• A NATO F-16 fighter approached and was then warned away from a jet carrying Russian Defense Minister Sergei Shoigu. The NATO jet closed in and began flying parallel to Shoigu's plane. A Russian Su-27 fighter accompanying Shoigu's plane then approached from behind and rocked its wings to show it was armed. Then, the F-16 veered off. (The Washington Post, 06.21.17)
  • A “harvest ceasefire” has gone into effect for June 24 to Aug. 31 The ceasefire was violated 19 times by the Ukrainian Armed Forces from June 24 to June 25, according to the self-proclaimed Donetsk People’s Republic (DPR) operations command, while the self-proclaimed Lugansk People’s Republic (LPR) was shelled seven times in that same period. Ukrainian troops were attacked 26 times along the entire contact line from June 24 to June 25, according to the press center of the Anti-Terrorist Operation (ATO) headquarters. (TASS, 06.25.17, TASS, 06.25.17, UNIAN, 06.25.17)
  • The U.S. State Department said on June 22 it was "deeply concerned" about a pattern of violence by Russian-backed separatists in eastern Ukraine targeting unarmed civilians of a European mission monitoring the conflict in region. (Reuters , 06.22.17)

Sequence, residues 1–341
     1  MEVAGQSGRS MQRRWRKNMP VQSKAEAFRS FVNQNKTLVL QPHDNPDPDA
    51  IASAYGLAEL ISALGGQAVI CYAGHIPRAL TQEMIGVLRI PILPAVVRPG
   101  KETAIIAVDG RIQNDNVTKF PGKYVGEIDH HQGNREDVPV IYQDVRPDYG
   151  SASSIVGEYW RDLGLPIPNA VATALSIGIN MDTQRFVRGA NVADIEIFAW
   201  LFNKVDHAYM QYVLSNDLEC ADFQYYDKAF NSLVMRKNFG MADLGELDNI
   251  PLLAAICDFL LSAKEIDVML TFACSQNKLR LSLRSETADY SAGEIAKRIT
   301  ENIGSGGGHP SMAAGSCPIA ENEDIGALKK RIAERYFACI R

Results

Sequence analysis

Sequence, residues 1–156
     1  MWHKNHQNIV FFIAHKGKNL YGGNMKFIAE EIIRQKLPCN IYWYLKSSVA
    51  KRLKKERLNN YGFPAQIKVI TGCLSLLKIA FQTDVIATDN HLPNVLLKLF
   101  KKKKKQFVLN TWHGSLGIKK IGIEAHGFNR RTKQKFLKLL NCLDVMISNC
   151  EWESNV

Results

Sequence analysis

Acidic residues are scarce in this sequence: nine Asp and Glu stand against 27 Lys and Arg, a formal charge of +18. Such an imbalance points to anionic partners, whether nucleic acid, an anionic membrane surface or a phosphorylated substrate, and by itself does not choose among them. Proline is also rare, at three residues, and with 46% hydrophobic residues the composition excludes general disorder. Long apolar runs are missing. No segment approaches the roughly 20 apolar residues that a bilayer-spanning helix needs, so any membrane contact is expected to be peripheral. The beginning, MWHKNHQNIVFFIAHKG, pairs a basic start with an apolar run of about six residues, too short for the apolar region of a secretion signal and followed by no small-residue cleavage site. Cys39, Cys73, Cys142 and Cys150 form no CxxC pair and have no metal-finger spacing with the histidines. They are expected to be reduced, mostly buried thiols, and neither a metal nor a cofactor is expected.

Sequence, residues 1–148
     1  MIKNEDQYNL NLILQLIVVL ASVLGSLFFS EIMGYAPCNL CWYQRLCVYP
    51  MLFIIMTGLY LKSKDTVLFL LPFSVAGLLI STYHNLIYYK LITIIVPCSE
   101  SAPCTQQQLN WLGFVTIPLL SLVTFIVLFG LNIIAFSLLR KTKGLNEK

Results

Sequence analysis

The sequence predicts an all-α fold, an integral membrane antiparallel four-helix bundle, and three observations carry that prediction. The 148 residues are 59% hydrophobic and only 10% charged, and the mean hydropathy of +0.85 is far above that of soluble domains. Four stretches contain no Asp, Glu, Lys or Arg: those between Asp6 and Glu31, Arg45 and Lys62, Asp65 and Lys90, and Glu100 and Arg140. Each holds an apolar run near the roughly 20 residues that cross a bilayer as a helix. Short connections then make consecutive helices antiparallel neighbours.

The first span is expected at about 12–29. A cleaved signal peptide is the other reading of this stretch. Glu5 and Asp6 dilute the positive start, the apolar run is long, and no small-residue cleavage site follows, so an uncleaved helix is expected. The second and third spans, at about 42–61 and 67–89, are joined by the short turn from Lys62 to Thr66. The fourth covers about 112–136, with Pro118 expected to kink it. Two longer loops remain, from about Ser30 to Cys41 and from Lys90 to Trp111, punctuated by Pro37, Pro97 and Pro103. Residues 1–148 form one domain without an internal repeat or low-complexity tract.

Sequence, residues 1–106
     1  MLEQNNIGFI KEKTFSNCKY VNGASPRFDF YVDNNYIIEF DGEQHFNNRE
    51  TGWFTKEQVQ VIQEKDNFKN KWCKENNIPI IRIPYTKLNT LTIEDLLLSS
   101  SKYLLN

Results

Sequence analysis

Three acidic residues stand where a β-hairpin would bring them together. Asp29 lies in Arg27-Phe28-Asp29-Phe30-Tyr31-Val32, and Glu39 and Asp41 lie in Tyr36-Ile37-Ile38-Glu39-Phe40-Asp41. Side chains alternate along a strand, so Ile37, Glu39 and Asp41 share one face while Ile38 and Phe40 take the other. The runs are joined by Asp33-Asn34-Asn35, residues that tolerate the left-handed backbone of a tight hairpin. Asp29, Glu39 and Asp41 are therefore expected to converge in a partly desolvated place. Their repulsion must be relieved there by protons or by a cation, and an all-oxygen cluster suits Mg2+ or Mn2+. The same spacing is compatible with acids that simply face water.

Arming and training of Ukrainian forces by Western countries:

  • "In your questions that were submitted to you, one of the questions was providing the Ukrainians with legal, lethal defense weaponry with which to defend themselves," U.S. Senate Armed Services Committee Chairman John McCain told Patrick M. Shanahan, who was nominated in March to be deputy defense secretary. "Inexplicably, you responded by saying you have to look at the issue. It's not satisfactory, Mr. Shanahan." (The Washington Post, 06.20.17)